A white-box switch is an abstraction of the forwarding behavior of network elements in packet networks. Today’s packet networks comprise many different network elements, including routers, switches, network address translations, and firewalls. Yet, at a high enough level of abstraction, all of these network elements perform exactly the same operations. They all receive a packet from some input port, observe some fields of the packet, perform some computations (e.g., table look-up or longest prefix match), take some decisions (whether and how to forward the packet), optionally modify the packet, and forward the packet through some output port. The difference between different network elements is in the details: which fields they observe, what decision algorithm they perform, and so forth.

Once we have abstracted away the differences between different network elements, we no longer need to populate our network with them. Instead we universally deploy white-box switches and simply configure them with the desired forwarding behavior. Of course this configuration requires a protocol between the SDN controller and the white-boxes, but this is simple configuration protocol. SDN proponents further hide the fact that they ever use protocols by calling this an application programming interface (API), and more specifically the southbound interface between the SDN controller and the SDN switches.

As previously mentioned, the SDN community acknowledges two planes: forwarding and control, while the networking world recognizes an additional management plane. The distinction between control and management was once based on whether a human was in the loop (management) or not (control). Over time, many sophisticated functions once left to humans are now more ably handled by software, and SDN further bolsters this development. However, a distinction remains between the two: control plane functions are local and fast (e.g., routing or protection switching), while management plane functions are centralized (e.g., in a network operations center or data center) and slow (experiencing at least a round-trip time, and frequently intentional hold-off timers). Thus determining a path through the network at a central site and then configuring network elements to execute this path is, in fact, a management-plane function. In this light, a more appropriate wording of the basic tenet of SDN is that it replaces the distributed control plane with a centralized management plane.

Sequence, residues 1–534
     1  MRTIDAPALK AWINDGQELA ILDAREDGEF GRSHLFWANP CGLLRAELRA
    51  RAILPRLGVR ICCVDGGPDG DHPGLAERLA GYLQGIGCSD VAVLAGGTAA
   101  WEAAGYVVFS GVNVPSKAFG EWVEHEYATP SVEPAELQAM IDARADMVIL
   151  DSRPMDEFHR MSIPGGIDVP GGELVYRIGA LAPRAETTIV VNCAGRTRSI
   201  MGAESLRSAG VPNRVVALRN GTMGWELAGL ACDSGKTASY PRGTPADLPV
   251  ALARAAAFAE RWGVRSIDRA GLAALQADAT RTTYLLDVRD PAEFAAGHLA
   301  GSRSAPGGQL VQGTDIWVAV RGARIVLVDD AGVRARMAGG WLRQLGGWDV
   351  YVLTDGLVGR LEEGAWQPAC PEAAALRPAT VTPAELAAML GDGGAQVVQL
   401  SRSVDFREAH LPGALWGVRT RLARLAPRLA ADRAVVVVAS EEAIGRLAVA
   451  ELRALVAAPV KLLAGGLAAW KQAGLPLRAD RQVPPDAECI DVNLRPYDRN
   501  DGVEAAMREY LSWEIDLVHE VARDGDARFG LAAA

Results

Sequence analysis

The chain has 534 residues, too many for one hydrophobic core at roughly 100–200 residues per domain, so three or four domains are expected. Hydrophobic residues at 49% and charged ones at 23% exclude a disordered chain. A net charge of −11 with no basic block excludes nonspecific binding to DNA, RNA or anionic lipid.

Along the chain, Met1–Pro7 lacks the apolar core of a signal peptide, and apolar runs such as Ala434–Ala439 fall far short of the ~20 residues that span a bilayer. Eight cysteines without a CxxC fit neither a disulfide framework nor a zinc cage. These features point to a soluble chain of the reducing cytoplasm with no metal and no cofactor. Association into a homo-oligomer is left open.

The primary advantage of SDN is that it enables network agility. If the Internet had been based on SDN, transitioning to IPv6 would have taken twenty seconds rather than twenty years (and I may be overly optimistic regarding the twenty years).

Another advantage of the SDN approach relates to the kind of paths that can be found and the optimizations that can be performed. Distributed routing protocols are excellent at discovering basic connectivity and very good at optimizing a single monotonic cost function (such as hop count); but there are many tasks that are beyond their capabilities. SDN assumes an omniscient controller that has access to the entire network topology and state. All of this information may be stored as a graph, and routing is thus reduced to running graph optimization algorithms.

For example, consider the problem of finding two disjoint paths between S and D (e.g., two paths with no links or network elements in common) in order to provide a high-availability service. It is clear that distributed protocols are not suitable for solving this problem, while algorithms such as Suurballe’s are available to solve it on a stored graph.